Bottom line: It's a travesty that more than 14,000 people who have wanted to serve in the US military have been denied that opportunity -- and that the nation has been denied their loyal service -- because they have a preference to sleeping with someone of the same gender.  Gay and straight military personnel should, to the greatest extent possible, keep their private lives to themselves, particularly during work hours, just as all normal people do during their work hours regardless of their sexual orientation, and get going with their critical mission of protecting our nation.  It is one of the highest possible callings and it has become clear to me that sexual preference simply can't be a disqualifying characteristic in and of itself.


A friend of mine who served in the military, including working in the Pentagon, and is still an officer in the reserves, offered these thoughts:

I agree with you. I have grown to accept the idea, but am also violently opposed to using the military to change society. Just because you can impose thoughts on individuals and challenge/force to do things they wouldn't do in society--ie kill someone or take risks that will kill them--through the structure and discipline of the system does not mean that you should do it for everything. To do so unnecessarily, for the sake of social change, verges on fascism and abuse of power that this country was built to oppose.

However, the sad thing, and here is where we may differ a bit, is that the military has essential grown to be more sophisticated overall than the general population of the US. Exposure to nearly 20 years (Desert Storm, 1992) of continual large scale military operations on an unprecedented tempo has raised a military that has truly seen the world; they have become cosmopolitan in their own way. They have been exposed to exotic and archaic cultures and social practices. They have seen modernization and regression. They remain far more integrated on a daily basis, socially, than most of our comfortable, lazy, hypocritical society living their individual lives here in the US. It is for this reason that maybe the military is ready to handle this change before the rest of America.

The fact still remains that nothing should be done to risk American lives and there are still pockets of the military that are not prepared to handle this, most of them operational. It is a fact that nearly 25% of the DepSecDef's support staff is gay. That theme is not a product of this administration. The military has grown to accept this already. Any transition from DADT should leverage on these functions to continue the progress towards acceptance. It is no different in many respects to the role women played and the process they went through to gain acceptance. It has only been since my commission into the military that they were able to go into operations. They same approach should be taken for openly serving homosexuals as we continue to see and encourage social progress.

  • freak
    Comment from: freak
    12/21/10 @ 04:50:57 pm

    Different perspective from mine and, I'm afraid to say, I think you've fallen victim to the expansion of rights cry. So, first of all, nobody has a right to serve in any branch of the military. Everybody has a duty to serve one's nation and service in the military is, for those who are needed, an honor. Second, our military forces are the best trained, best equipped (our technological edge, for now, is significant), best motivated, best disciplined, and most demanding. Head to head, nobody even comes close (no, not even Israel's forces). I'd rather be defended by a platoon of Marines than a brigade of infantrymen from any other country on earth. So, in truth, DADT will have little impact on our forces' primacy. But, I think it will weaken our forces. This will not make an operational difference on the whole, but in individual circumstance, in individual situations, single engagement may have slightly different balance of outcomes. Not because homosexual sailors, airmen, soldiers or marines are any less capable. Nor because of inherent homophobic tendencies in our fighting men and women. No, I think that the presence of openly homosexual war fighters will have an impact, a subtle one, on troop cohesion and camaraderie. War zones, warships, battlegrounds are intimate, messy affairs. Soldiers perform best when they bond fully with their brothers-in-arms and when there is no thought to any distraction. I think that, in a slight, imperceptible way, this bonding will weaken. Of course, I still don't think the introduction of women into combat duties, together with men, was a good idea (no problem putting women in combat with women). I remember training with women in my midshipman class (a long time ago, very few of them). They were as capable, motivated, and hard-charging as any of the men. Nevertheless, their presence changed the dynamic within the force (and I compared notes with other midshipmen who generally agreed). Go around the confidence course with a woman in the group? Behavior changed. Long comment. Maybe not coherent. Maybe I'm just a cranky, intolerant, curmudgeonly old man; maybe not. Let me summarize: 1. The end of DADT will not jeopardize our national security or put the strength of our military in question with any of our allies or enemies. 2. On the other hand, there will be some losses that might have been avoidable. To the extent that a single American life is priceless, this is a tragedy. Freak.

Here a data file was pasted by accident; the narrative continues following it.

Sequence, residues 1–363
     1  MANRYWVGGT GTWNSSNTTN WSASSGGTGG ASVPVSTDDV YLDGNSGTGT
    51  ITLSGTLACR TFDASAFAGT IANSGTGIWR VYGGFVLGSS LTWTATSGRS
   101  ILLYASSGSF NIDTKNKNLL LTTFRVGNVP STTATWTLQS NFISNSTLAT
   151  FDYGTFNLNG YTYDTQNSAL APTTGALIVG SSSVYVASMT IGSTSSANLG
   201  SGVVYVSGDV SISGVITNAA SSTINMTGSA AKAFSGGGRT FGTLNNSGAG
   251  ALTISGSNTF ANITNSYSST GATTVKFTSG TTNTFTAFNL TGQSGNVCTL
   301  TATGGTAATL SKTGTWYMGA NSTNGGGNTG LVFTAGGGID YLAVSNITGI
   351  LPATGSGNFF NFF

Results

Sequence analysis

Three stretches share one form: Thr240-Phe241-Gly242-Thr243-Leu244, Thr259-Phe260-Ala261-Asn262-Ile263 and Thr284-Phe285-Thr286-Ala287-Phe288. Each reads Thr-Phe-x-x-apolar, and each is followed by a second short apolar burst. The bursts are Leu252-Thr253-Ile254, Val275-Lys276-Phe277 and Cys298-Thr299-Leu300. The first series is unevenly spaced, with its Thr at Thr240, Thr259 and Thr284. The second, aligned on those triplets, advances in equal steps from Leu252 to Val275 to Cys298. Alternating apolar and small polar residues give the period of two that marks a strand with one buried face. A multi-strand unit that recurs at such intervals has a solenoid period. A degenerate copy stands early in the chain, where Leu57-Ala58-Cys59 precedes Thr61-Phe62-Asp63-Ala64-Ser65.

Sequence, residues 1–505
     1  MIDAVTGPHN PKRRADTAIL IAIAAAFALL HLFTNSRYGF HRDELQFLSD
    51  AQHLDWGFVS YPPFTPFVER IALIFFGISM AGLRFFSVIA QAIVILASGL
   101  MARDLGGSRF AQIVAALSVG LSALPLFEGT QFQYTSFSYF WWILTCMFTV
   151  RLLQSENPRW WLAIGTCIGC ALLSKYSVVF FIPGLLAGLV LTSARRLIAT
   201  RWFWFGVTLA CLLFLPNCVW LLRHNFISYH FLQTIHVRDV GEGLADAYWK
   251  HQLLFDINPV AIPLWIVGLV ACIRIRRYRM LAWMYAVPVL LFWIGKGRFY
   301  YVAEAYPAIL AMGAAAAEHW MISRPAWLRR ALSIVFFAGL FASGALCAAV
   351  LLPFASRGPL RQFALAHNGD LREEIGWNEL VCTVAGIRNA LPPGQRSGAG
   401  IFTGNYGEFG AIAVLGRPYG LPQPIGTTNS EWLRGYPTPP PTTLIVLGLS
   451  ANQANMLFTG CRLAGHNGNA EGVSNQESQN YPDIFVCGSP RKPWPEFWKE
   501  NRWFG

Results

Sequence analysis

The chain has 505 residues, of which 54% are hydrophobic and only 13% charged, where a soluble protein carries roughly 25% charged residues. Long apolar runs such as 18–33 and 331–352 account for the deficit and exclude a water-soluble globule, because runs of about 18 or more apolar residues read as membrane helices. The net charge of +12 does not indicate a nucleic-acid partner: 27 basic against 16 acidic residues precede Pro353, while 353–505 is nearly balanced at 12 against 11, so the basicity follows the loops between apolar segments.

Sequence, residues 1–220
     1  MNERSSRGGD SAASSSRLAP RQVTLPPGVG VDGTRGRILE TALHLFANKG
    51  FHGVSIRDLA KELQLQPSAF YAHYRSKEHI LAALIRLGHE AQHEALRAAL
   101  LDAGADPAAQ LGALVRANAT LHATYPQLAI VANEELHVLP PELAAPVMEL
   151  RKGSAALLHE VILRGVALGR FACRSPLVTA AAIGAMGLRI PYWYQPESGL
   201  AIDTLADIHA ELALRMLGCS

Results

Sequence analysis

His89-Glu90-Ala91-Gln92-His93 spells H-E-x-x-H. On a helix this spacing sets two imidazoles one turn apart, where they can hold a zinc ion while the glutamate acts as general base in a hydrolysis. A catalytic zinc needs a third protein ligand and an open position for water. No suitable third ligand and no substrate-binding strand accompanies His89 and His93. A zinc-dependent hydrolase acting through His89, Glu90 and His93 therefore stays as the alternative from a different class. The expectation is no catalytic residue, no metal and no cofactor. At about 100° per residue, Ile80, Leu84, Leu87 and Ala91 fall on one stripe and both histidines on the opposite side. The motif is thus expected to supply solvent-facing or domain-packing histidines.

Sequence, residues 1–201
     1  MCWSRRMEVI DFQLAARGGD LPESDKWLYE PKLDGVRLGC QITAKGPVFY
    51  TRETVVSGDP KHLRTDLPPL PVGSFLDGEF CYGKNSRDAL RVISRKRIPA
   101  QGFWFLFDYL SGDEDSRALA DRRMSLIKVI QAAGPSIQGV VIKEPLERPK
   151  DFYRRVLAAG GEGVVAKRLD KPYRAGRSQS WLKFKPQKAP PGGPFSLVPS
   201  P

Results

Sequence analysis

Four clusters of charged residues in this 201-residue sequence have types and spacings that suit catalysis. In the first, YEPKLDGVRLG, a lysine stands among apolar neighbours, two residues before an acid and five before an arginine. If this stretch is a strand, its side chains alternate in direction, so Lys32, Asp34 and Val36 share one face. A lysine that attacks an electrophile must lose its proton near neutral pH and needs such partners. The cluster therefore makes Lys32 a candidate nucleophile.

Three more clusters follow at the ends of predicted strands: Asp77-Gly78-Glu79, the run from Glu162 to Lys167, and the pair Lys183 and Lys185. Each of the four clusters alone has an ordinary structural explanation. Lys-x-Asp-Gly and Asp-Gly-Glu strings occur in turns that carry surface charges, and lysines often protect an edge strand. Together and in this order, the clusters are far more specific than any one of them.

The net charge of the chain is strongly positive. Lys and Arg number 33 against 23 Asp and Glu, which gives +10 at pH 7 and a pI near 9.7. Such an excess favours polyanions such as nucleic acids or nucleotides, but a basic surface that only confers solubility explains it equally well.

• Comment from: Rossputin
    12/21/10 @ 06:53:29 pm

    Freak, As H.L. Mencken used to say, you may be right. But I do not thing I've fallen into an "expansion of rights cry." My take is more that if the military could have 25K more volunteers, many of whom might be more capable than some of the current volunteers, it should take a very compelling reason to keep them out. At this juncture, I don't see a compelling enough reason. My argument is NOT from the point of view of rights for gays but rather the good of the military and the nation. I think allowing women in combat and on long tours at sea is a worse idea than repealing DADT. RGK

  • kjdiamond
    Comment from: kjdiamond
    12/23/10 @ 11:30:40 am

    I don't see how anyone that is supportive of free markets from an economic perspective can argue for DADT. If someone has the qualities and capabilities to perform at a high level, then that person should have access to the same opportunities regardless of race, religion or sexual orientation. Just because a man sleeps with another man doesn't mean that soldier won't kill and be killed in defense of this country or his unit. That all being said, I am opposed to FORCING the military or any entity for that matter to hiring with quotas. That has to end. A free and open market within all aspects of one's life will allow those with the capabilities and skills to excel.